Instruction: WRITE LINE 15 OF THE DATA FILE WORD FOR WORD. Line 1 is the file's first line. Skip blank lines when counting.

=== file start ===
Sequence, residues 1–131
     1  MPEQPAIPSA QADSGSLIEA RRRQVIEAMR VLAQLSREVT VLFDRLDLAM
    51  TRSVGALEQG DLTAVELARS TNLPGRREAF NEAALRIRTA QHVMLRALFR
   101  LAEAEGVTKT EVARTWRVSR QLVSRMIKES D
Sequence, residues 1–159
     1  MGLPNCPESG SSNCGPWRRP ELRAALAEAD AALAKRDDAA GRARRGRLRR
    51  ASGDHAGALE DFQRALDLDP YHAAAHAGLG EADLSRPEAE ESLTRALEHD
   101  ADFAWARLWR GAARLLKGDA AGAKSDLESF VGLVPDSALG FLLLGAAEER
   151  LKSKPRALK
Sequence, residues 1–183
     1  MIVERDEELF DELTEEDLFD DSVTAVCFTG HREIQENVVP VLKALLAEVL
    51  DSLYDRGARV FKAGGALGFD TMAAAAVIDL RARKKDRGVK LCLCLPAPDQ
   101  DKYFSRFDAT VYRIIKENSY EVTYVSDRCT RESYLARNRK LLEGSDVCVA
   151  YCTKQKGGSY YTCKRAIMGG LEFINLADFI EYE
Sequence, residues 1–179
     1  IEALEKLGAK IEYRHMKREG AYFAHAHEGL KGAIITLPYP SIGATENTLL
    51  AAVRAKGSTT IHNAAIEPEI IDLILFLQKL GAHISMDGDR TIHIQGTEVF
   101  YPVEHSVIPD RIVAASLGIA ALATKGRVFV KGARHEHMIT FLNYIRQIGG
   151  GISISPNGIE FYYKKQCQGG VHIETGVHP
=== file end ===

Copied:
Sequence, residues 1–179